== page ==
By Meghan Hall
As the Bay Area’s premier technology companies expand their presence beyond the immediate Silicon Valley area, developers are rushing to snap up space in the areas surrounding tech company expansion projects. In San José, the phenomenon has been dubbed the “Google Effect.” While downtown San José is already a hot market for development, the increasing presence of technology companies has increased the need for residential developments, such as the 249-unit 715 West Julian project.
“It is difficult to say exactly how much the “Google Effect” has had, but clearly there is a high demand for housing in and around Diridon [Station], which is right where Google is assembling properties,” admitted Patrick Kelly, a supervising planner with the City of San José. “We believe Google is one of the major driving factors for all of the proposed residential, office and commercial development being proposed and built in this area.”
715 West Julian is located within close proximity to one of Google’s proposed villages within the City’s “Innovation District” and is within walking distance dozens of Bay Area technology companies. Other major employers, such as Ernst & Young, DeLoitte and WeWork call downtown San José home.
The project would demolish the existing five buildings on the 1.22 acre site and construct a seven story building with two sub-grade parking levels. The ground level will be comprised of 26,585 square feet of commercial and or retail space, in addition to the residential lobby, leasing office and additional parking. The remaining floors—levels two through seven—are planned for the building’s apartments. The development will total 272,000 square feet. The property is owned by Santa Cruz-based Speno Enterprises.
Like many developments, the project includes several amenities for its residents. A courtyard is planned for the second level and will contain a pool and other outdoor amenities. An indoor amenity space is also proposed for the second floor, although its specific use has not yet been determined. Additional outdoor for residential use will be found on the rooftop deck, which will measure 372 square feet, and on the ground floor, where a yard measuring 2,770 square feet will be located on the northwest side of the site. A public plaza located at the southeast corner near the junction of Stockton Avenue and Julian Street is also part of the plans.
According to Kelly, the project is well-designed and fits in well with the City’s planned vision for downtown San José.
“The 715 West Julian project is right up there among the best-designed projects of its type in the area, meaning high density residential development combined with ground-floor, sidewalk-oriented retail commercial space,” explained Kelly.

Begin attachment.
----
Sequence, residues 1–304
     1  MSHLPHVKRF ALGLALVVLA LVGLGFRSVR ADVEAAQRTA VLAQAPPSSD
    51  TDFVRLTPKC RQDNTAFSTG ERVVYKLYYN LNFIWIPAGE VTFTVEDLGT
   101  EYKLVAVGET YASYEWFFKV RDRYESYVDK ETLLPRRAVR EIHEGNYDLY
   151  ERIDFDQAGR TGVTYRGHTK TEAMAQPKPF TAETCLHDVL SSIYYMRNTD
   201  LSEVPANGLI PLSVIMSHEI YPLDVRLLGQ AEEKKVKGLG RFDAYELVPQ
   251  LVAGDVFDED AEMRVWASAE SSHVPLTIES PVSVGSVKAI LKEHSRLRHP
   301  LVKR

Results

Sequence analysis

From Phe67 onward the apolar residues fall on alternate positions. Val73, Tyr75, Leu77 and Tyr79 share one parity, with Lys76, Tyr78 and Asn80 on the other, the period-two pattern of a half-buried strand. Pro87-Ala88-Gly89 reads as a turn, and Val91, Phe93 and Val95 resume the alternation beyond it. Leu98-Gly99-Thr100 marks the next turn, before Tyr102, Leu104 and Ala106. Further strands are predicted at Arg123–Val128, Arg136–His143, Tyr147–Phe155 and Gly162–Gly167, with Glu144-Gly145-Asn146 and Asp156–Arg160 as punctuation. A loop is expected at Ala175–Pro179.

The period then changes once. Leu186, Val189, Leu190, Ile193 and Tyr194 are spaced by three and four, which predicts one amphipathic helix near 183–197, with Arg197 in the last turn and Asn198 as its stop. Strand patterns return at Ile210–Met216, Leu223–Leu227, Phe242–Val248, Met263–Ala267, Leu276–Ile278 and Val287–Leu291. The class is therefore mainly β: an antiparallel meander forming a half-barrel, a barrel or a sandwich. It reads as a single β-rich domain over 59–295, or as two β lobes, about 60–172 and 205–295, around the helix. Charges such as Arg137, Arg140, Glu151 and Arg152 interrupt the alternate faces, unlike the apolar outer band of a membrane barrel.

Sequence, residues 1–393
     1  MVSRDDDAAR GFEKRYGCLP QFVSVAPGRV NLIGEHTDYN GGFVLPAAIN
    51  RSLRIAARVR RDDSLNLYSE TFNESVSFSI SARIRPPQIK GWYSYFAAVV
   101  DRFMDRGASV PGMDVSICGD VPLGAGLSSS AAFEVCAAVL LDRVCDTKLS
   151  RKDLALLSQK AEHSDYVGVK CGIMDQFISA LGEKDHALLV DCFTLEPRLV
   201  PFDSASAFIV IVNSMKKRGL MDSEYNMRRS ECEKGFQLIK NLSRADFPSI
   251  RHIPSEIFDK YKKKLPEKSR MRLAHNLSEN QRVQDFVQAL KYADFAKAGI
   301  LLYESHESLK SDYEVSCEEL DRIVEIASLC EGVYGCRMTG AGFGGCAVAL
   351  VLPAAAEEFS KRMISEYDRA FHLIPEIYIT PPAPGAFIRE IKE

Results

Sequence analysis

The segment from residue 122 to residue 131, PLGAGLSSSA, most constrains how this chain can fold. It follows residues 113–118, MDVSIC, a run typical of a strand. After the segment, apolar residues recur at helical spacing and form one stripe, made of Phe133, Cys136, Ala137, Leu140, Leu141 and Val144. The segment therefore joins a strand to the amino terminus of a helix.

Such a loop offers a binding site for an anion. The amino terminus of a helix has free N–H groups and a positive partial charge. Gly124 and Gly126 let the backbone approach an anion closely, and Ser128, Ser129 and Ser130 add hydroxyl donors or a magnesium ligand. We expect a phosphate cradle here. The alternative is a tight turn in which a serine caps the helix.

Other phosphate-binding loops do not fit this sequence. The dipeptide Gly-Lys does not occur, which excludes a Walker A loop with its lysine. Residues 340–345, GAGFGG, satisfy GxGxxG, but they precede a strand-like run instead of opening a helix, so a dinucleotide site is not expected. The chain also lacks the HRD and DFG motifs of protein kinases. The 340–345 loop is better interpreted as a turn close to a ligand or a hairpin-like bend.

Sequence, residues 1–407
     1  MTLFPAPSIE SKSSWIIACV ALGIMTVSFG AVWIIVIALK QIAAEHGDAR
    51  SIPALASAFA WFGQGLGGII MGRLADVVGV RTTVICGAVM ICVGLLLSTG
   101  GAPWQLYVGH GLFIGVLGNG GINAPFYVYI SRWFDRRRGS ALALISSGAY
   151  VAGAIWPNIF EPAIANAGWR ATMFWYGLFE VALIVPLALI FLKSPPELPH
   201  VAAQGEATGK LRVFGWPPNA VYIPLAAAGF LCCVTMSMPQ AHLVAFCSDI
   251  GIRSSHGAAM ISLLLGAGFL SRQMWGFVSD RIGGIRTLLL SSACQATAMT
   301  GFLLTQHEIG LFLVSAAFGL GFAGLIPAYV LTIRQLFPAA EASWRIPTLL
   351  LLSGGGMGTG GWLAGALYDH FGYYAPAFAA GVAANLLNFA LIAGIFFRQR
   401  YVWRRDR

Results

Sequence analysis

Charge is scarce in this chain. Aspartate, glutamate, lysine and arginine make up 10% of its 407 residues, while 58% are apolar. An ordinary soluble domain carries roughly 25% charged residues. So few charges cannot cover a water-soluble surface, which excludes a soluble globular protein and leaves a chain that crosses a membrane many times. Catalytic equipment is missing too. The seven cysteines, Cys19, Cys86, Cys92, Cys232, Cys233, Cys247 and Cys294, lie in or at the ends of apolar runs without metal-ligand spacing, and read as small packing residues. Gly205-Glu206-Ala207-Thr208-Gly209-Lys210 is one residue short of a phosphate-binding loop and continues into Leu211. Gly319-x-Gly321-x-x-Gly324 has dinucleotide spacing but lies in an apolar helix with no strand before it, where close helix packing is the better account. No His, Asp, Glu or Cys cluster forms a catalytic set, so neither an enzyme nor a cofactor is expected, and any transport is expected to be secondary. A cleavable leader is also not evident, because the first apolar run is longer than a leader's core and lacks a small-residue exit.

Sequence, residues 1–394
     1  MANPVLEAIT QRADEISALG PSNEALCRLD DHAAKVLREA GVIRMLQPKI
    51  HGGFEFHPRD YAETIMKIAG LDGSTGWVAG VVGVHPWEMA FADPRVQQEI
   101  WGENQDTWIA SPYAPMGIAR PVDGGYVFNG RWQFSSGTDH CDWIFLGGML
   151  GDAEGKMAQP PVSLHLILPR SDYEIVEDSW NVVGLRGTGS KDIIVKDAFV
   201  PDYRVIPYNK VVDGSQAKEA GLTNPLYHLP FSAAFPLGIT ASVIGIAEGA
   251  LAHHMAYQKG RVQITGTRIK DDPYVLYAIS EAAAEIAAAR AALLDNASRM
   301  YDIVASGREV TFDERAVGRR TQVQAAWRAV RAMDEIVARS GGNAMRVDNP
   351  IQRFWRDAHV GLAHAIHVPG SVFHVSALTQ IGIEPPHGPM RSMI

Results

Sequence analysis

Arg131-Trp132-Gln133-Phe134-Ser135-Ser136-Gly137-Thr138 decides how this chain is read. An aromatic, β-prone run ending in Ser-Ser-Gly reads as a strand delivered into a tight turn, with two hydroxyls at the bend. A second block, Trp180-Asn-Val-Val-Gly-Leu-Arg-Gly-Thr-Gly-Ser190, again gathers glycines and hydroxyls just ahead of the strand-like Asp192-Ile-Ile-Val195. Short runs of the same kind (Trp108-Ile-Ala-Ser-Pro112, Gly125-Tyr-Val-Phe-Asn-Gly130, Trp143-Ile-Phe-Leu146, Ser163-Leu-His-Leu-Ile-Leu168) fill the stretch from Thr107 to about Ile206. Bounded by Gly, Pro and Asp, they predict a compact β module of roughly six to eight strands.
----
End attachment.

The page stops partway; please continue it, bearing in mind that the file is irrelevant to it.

City officials hope that the development will, in conjunction other nearby developments, support Diridon Station as a major transit center within the Bay Area. 715 West Julian is just one of several Urban Village-type developments currently in the pipeline; a seven story, 164-unit development with 37,500 square feet of commercial space is currently under construction at 120 and 138 Stockton Avenue. A second project, which is similar in size to the first with 168 proposed units and 23,000 square feet of commercial space, is planned for a lot just north of The Alameda. Both projects provide what the City classifies as high-density, transit-oriented housing.
The proposed project also includes sidewalk upgrades, sidewalk improvements and landscaping to improve the pedestrian experience and encourage active retail space as consumers make their way toward The Alameda.
The project is designed by Oakland-based TCA Architects.
According to Kelly, the project is moving through the planning process quickly. The Planning Commission will review the proposal on September 26th, after which it will be reviewed at a City Council hearing on October 27th. The project still must go through a Building Code Plan Check before a formal permit will be issued.
Kelly, however, is confident the project will move forward. “The Planning Division is recommending the Planning Commission recommend approval of the project to the City Council, because it meets the key criteria for the Diridon Station Area Plan,” he said. “We therefore believe it is likely the City Council will approve the project.”